Three siblings and their team, Sungai Watch, are fighting against Bali’s pollution problem
It takes a few minutes to adapt every time. The rubbish that piles up against the plastic barriers across the waterways is not only nice, clean plastic bottles. Mixed into the murky mass is all sorts of waste: nappies, face masks, even electrical goods.
“You have perished food, the rest of chicken intestines. Unfortunately, we find a lot of dead animals as well, a lot of diapers. So it’s truly horrible, it really gets your stomach churning as you clean up.” But Kelly Bencheghib does not seem to be seriously put off, because she keeps on doing it.
Every week, the Sungai Watch staff don waders and gloves and plunge into the waterways around the Indonesian island of Bali, where they have strung up their big plastic barriers. Along with volunteers, they work their way through the heaps of waste that has built up against the barriers, stuffing it into rubbish bags and slowly, steadily, clearing the filth. The work is gruelling, and yet there is deep satisfaction, even if just temporarily, in watching the rivers open up again. “You do get used to it, strangely enough. But you always need at least a few minutes to adapt as you go into a river.”
The typical mental image of Bali is of a glorious tropical paradise. In reality, like everywhere in the world, the island has a plastic problem: it produces 1.6m tonnes of waste a year, 303,000 tonnes of it plastic. More than half of this goes uncollected, including 33,000 tonnes that gets into Bali’s waterways. During monsoon season, piles of waste from the neighbouring island of Java bury its coastlines. While data varies, one estimate says 1.3m tonnes of Indonesia’s unmanaged plastic may be polluting the ocean every year. And that is just a small part of the millions of tonnes floating in from elsewhere.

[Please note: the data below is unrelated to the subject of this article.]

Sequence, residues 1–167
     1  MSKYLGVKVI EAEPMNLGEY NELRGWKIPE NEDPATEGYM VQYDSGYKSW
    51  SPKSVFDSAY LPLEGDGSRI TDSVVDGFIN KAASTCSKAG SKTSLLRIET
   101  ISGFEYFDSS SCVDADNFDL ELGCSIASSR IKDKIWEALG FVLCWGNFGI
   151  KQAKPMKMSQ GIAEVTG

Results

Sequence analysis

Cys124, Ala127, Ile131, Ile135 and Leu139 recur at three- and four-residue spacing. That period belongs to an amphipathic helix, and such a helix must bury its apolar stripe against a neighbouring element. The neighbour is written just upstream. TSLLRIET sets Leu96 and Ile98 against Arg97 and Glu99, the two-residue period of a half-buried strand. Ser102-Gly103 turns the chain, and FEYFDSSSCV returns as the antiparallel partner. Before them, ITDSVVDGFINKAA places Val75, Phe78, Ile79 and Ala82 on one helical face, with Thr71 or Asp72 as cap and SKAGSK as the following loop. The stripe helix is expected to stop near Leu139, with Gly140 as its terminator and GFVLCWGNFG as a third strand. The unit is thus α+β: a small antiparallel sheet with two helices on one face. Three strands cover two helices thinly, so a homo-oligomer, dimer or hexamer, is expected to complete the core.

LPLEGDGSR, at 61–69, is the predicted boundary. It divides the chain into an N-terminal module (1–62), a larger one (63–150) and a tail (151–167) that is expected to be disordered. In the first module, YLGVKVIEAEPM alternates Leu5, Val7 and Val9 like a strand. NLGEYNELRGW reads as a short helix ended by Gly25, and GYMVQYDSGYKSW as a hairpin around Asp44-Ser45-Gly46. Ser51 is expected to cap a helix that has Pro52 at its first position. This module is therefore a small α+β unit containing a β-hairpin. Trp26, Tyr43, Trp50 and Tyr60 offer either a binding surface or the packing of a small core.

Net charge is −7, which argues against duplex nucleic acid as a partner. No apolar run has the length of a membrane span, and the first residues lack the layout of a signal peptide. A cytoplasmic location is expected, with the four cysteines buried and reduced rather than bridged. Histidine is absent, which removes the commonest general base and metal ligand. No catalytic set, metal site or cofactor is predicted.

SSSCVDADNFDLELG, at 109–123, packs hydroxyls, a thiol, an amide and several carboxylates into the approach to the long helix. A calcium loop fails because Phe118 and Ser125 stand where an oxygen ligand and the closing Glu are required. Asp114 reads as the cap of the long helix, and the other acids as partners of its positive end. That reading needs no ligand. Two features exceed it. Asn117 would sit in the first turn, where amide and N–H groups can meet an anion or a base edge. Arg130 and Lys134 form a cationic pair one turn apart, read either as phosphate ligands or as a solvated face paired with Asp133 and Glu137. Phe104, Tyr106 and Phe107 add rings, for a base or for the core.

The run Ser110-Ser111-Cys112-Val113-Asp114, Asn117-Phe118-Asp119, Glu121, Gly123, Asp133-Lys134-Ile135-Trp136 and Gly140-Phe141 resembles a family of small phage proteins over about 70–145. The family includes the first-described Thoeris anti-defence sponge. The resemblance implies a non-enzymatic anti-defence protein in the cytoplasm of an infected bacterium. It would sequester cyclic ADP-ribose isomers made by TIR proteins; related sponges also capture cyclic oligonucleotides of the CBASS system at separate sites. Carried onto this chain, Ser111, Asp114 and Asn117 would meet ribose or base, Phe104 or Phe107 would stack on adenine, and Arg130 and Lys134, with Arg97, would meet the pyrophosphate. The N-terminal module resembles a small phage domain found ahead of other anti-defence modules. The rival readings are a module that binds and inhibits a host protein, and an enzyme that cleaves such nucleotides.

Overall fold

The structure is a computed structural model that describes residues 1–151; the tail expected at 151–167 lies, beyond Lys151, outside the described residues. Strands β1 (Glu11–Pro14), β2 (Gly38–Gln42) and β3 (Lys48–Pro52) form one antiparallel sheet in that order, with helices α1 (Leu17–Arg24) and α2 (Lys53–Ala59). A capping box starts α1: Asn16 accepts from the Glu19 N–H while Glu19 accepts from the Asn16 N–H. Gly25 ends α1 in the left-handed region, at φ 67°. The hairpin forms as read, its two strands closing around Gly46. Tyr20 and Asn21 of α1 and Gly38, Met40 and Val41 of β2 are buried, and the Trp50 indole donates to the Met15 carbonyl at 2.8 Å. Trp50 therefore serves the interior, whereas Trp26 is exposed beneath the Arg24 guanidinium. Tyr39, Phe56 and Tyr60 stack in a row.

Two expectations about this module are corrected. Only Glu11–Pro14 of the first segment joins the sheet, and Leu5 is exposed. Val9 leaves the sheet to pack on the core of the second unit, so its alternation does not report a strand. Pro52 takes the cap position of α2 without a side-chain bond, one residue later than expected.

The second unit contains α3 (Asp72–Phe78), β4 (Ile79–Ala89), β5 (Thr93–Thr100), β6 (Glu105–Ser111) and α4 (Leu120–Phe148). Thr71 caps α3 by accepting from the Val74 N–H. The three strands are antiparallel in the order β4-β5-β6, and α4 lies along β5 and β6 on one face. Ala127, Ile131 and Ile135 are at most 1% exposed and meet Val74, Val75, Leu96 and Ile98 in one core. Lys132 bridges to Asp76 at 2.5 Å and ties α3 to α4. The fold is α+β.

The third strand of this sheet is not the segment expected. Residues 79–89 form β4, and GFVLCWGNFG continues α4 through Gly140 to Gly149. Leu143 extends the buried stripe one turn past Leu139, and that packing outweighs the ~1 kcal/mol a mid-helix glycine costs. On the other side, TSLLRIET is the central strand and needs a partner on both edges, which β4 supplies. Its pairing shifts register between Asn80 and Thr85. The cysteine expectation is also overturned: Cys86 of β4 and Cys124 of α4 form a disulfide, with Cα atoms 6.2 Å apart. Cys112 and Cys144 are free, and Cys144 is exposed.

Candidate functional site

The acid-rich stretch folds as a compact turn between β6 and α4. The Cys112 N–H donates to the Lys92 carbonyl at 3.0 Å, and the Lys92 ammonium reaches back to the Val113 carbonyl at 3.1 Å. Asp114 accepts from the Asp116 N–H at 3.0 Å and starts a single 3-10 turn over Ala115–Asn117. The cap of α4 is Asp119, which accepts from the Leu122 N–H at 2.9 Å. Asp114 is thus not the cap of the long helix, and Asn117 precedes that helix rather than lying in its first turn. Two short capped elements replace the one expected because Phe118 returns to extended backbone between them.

Where to even begin in cleaning up that kind of waste? In an ideal world it would be dealt with upstream, with circular waste systems and minimal or reusable packaging. But for now it seems as if the only answer is for people to wade in and pick it up themselves. All over the world, individuals, groups and governments are picking up the baton and launching initiatives against the rubbish filling the land and oceans. Their efforts range from local beach cleanups, to innovative strategies such as the “bubble barrier” that is being trialled in the Netherlands, to international efforts such as the Ocean Cleanup.
Sungai Watch in Bali is one of these many valiant teams. It was set up by Bencheghib and her siblings Gary and Sam, who are French-born but grew up on the beaches of Bali and became aware of the growing plastic problem from a very young age. As teenagers, they started a weekly cleanup, roping in schoolmates and local businesses. “Back then, everyone looked at us in a bit of a weird mood. They were really asking the questions: why do you even bother? It’s just going to disappear with the waves,” Kelly says…
Guardian News (01-03-2021):
Bali’s famous beaches covered in plastic garbage
Indonesian workers have been cleaning up piles of debris and plastic waste brought in by strong waves at Kuta Beach on the famous island of Bali. Authorities say that between 30 and 60 tonnes of trash is being collected from the island’s most famous beaches each day…